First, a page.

An article entitled “George Bush: God Told Me to End the Tyranny in Iraq” in The Guardian on October 7 2005 reads as follows:
George Bush has claimed he was on a mission from God when he launched the invasions of Afghanistan and Iraq, according to a senior Palestinian politician in an interview to be broadcast by the BBC later this month.
Mr Bush revealed the extent of his religious fervour when he met a Palestinian delegation during the Israeli-Palestinian summit at the Egpytian resort of Sharm el-Sheikh, four months after the US-led invasion of Iraq in 2003.
One of the delegates, Nabil Shaath, who was Palestinian foreign minister at the time, said: “President Bush said to all of us: ‘I am driven with a mission from God’. God would tell me, ‘George go and fight these terrorists in Afghanistan’. And I did. And then God would tell me ‘George, go and end the tyranny in Iraq’. And I did.”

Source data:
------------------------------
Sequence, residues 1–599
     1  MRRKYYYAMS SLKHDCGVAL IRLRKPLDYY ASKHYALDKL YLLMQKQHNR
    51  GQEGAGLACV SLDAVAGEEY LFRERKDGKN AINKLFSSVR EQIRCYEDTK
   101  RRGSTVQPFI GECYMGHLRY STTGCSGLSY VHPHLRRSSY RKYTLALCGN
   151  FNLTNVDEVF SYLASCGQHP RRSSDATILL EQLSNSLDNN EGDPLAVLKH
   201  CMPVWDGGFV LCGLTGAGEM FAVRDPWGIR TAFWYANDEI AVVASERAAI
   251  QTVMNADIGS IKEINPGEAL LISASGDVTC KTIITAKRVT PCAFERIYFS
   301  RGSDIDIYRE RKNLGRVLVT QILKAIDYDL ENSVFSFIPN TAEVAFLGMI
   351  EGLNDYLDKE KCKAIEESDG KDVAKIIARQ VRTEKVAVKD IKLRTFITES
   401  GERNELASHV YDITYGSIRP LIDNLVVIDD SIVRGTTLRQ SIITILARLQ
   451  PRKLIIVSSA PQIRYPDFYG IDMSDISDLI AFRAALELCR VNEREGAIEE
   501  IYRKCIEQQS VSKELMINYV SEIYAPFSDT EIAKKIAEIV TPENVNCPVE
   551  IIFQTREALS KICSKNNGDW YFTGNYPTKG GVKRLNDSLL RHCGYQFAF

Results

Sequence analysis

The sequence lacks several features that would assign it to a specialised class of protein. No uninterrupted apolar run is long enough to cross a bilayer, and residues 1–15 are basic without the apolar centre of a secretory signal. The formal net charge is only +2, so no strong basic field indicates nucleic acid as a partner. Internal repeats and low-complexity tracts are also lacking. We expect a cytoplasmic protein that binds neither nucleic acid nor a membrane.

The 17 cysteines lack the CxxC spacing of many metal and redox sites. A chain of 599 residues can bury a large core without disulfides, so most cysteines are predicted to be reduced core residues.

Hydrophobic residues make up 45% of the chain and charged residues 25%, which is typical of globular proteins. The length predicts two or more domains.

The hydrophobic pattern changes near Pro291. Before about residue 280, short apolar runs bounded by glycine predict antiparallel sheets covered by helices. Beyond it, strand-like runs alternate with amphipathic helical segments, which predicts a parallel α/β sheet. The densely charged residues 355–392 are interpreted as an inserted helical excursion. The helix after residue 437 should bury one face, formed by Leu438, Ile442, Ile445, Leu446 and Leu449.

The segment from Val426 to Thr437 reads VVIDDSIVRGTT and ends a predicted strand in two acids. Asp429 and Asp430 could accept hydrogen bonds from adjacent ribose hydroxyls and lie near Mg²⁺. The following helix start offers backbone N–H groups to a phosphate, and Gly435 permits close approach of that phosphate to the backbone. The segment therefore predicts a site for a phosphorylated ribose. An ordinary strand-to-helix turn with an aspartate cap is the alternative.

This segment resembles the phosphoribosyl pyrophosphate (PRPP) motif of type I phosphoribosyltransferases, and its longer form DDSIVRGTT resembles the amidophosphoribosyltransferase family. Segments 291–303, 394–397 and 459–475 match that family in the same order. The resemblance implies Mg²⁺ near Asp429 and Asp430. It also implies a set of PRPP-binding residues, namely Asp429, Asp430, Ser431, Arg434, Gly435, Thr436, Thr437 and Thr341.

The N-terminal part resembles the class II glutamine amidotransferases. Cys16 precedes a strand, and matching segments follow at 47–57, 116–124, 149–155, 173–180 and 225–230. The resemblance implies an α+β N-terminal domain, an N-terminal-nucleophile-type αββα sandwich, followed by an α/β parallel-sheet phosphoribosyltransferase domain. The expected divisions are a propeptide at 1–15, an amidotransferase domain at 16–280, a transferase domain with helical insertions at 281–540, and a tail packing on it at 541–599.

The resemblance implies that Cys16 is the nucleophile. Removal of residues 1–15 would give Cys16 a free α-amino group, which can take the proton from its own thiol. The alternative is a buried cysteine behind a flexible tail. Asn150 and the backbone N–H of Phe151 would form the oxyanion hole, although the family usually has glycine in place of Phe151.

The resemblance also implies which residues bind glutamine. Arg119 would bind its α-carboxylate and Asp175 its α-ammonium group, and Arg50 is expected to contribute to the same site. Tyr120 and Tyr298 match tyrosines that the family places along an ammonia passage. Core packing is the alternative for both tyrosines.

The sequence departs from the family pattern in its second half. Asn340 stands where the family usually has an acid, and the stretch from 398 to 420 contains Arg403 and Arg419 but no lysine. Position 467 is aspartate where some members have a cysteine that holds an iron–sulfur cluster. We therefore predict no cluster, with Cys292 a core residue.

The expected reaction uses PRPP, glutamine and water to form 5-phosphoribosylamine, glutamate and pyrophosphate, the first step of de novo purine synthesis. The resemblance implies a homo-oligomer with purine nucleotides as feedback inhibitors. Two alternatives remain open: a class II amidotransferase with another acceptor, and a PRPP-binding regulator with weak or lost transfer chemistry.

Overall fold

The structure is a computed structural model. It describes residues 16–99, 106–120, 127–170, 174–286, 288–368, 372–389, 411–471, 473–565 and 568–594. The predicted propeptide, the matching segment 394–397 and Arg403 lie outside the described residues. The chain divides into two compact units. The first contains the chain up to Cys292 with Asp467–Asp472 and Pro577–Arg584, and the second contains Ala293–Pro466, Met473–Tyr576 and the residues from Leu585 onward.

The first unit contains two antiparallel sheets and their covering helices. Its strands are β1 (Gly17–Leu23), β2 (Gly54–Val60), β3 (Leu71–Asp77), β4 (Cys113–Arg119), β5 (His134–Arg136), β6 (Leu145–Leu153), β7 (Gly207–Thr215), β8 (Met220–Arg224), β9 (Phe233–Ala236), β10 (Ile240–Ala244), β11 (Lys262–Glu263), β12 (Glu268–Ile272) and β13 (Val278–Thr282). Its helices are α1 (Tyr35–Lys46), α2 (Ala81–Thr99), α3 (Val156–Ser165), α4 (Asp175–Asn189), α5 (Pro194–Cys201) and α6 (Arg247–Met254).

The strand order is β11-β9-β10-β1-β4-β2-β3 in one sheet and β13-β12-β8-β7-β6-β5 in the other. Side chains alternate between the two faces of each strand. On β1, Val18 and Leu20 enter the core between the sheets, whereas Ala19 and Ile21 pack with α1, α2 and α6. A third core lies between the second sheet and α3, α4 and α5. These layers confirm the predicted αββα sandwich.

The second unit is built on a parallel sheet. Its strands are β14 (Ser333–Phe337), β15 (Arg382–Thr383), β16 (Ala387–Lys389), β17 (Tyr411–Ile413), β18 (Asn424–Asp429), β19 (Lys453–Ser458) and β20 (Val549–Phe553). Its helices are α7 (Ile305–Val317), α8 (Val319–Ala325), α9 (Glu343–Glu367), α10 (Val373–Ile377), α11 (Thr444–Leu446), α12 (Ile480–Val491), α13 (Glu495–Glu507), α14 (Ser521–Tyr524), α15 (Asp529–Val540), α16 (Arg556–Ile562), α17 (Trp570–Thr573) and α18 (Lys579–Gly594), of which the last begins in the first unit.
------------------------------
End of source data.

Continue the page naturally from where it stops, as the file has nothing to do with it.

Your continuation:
Mr Bush went on: “And now, again, I feel God’s words coming to me, ‘Go get the Palestinians their state and get the Israelis their security, and get peace in the Middle East’. And, by God, I’m gonna do it.”
Mr Bush, who became a born-again Christian at 40, is one of the most overtly religious leaders to occupy the White House, a fact which brings him much support in middle America.
Soon after, the Israeli daily newspaper Haaretz carried a Palestinian transcript of the meeting, containing a version of Mr Bush’s remarks. But the Palestinian delegation was reluctant publicly to acknowledge its authenticity.
The BBC persuaded Mr Shaath to go on the record for the first time for a three-part series on Israeli-Palestinian diplomacy: Elusive Peace, which begins on Monday.